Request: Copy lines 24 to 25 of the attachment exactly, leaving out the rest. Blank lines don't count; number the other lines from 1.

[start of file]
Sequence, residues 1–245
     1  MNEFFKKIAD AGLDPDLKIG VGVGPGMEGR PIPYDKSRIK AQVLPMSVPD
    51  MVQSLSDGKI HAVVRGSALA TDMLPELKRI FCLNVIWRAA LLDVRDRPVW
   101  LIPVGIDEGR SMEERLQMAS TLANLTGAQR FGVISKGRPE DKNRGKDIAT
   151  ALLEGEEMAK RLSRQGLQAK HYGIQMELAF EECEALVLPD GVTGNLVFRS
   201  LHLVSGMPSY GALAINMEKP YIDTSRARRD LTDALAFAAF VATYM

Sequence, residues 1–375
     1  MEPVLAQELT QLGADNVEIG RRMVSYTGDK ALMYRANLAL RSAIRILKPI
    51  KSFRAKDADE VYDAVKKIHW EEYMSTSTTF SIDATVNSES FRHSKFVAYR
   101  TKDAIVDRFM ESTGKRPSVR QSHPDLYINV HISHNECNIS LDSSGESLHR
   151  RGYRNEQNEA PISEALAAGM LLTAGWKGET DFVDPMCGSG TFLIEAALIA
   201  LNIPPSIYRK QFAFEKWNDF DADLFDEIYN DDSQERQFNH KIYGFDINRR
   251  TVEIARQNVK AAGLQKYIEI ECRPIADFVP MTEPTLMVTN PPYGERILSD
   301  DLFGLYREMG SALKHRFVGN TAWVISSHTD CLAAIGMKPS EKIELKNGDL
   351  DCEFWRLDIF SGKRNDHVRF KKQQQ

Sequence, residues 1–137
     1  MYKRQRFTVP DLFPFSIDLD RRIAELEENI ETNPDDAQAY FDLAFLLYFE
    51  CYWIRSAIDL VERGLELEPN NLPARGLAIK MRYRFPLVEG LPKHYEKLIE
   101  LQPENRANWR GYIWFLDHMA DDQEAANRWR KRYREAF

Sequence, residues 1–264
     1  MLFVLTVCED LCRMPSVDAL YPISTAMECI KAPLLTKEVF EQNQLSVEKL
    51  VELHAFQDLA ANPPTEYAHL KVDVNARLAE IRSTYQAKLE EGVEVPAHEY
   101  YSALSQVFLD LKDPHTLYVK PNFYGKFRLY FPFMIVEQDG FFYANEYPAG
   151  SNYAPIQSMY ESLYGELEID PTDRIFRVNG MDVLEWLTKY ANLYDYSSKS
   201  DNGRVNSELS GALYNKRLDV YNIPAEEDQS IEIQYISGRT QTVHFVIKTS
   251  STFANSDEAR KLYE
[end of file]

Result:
   151  SNYAPIQSMY ESLYGELEID PTDRIFRVNG MDVLEWLTKY ANLYDYSSKS
   201  DNGRVNSELS GALYNKRLDV YNIPAEEDQS IEIQYISGRT QTVHFVIKTS